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Asia

Bangladeshi foreign secretary raises the issue of climate change in Berlin

Bangladesh incurs annual losses of almost 2 percent of GDP due to extreme weather. The country's foreign secretary Mohamed Mijarul Quayes was recently in Berlin to discuss climate change.

Bangladeshi Foreign Secretary Mohamed Mijarul Quayes talks to Grahame Lucas, the head of DW's South Asia service

Bangladeshi Foreign Secretary Mohamed Mijarul Quayes talks to Grahame Lucas, the head of DW's South Asia service

Bangladesh's Prime Minister Sheikh Hasina recently urged developed countries to provide technical and financial assistance to help her country cope with the challenges of climate change.

Germany is an important partner in this field, as Foreign Secretary Mohamed Mijarul Quayes told Deutsche Welle in Berlin: "The climate change issue is of serious importance to us. There has to be a change in our lifestyle."

He added that Bangladesh was collaborating with Germany on "renewable energy, solar energy and cleaner coal-based power generation".

Bangladesh is at the mercy of extreme weather

Bangladesh, which is overcrowded with its population of over 160 million, has a vast river delta that has left it at the mercy of extreme weather such as drought and heavy rain.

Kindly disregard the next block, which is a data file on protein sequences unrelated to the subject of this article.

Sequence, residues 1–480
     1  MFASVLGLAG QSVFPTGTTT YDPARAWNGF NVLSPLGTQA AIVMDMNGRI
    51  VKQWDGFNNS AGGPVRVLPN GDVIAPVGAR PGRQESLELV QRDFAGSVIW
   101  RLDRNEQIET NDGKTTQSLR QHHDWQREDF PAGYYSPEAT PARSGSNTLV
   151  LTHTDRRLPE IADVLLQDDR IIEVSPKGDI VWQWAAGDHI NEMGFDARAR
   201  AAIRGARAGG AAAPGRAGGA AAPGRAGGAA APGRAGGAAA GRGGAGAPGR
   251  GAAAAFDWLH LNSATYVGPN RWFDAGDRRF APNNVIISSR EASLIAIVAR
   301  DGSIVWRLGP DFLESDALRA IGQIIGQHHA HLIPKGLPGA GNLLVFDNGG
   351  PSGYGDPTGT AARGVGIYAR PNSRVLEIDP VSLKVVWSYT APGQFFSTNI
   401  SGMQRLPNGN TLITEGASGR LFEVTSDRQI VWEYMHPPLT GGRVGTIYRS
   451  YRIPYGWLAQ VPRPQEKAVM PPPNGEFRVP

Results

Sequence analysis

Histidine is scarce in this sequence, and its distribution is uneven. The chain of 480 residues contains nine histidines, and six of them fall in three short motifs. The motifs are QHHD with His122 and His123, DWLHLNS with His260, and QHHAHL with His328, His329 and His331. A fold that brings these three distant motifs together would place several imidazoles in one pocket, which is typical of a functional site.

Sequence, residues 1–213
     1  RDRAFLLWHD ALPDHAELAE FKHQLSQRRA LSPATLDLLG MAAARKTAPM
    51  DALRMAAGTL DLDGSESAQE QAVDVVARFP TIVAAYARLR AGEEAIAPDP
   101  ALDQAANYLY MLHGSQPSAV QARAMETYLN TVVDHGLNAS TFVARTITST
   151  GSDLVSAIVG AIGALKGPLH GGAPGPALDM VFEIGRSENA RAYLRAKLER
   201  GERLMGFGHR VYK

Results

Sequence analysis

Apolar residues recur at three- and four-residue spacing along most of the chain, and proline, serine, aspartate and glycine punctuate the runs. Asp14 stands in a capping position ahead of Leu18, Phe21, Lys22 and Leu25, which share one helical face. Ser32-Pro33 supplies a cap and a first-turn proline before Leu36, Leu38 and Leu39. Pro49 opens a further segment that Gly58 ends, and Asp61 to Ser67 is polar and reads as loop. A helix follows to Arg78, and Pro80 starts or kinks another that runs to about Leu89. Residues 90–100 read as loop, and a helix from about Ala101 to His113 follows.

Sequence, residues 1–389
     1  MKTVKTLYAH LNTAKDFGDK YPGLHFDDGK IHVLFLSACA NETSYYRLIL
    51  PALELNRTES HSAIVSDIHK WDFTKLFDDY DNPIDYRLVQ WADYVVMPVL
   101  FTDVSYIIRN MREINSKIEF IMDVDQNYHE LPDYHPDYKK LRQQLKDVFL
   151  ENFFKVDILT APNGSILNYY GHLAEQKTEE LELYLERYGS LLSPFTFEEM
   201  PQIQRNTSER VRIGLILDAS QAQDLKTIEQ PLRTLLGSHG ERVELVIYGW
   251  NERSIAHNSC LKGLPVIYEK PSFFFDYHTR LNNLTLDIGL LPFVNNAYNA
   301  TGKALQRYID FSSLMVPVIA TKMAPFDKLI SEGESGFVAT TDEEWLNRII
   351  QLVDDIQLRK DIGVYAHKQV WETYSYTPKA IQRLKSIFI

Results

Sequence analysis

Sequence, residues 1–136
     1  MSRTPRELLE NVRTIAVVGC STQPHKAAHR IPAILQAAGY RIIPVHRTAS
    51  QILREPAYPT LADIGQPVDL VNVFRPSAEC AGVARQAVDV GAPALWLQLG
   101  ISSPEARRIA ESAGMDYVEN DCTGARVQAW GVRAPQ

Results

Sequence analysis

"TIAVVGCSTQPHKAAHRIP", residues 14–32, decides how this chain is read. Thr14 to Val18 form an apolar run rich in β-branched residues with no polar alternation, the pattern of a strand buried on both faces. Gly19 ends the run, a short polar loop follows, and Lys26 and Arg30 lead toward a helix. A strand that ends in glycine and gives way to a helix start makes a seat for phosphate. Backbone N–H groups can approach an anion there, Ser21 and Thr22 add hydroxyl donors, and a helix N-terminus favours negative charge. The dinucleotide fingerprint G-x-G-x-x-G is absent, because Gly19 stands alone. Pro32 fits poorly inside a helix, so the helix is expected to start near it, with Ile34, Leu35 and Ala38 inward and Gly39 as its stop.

Cyclone Aila wreaked havoc in May 2009

Cyclone Aila wreaked havoc in May 2009

Cyclones and floods are an ongoing plight. Severe hunger and disease are common.

Moreover, the country is constantly subject to electricity shortages and there is a lack of clean drinking water.

Rising sea levels are a major concern

Thousands have been made homeless by flooding in Bangladesh in the past decade

Thousands have been made homeless by flooding in Bangladesh in the past decade

A major concern is that large parts of the country could be inundated in the near future because of rising sea levels caused by global warming, Mohamed Mijarul Quayes explained.

"For Bangladesh, this could result by 2050 in the inundation of 20 percent of our territory. That means the displacement of 25 million people, including women and children. This displacement has other implications for the global community.

"Because the moment you have people uprooted from where they were, there is a potential movement of people, and this ties in with trafficking, gun running and drugs and a whole spectrum of security issues."

Global response needed to face challenges

What is already happening in Bangladesh is a warning of what is to come but the foreign minister is not pessimistic. He thinks that if there is a concerted international effort to fight climate change, his country will be able to face the challenges.

Every time there is a cyclone, victims are left without food and clean drinking water

Every time there is a cyclone, victims are left without food and clean drinking water

"Europe and Germany are important for Bangladesh. A multilateral process is important. Over the years, we have seen that the crises and challenges that face us are of a global proportion, whether you talk about terrorism, recession or climate change. These challenges require a global response and to create the global response you need to build the bridges."

Mohamed Mijarul Quayes was in Germany to build these bridges, which he hopes will be strong enough to weather the storm.

Author: Jaisu Bhullar
Editor: Anne Thomas

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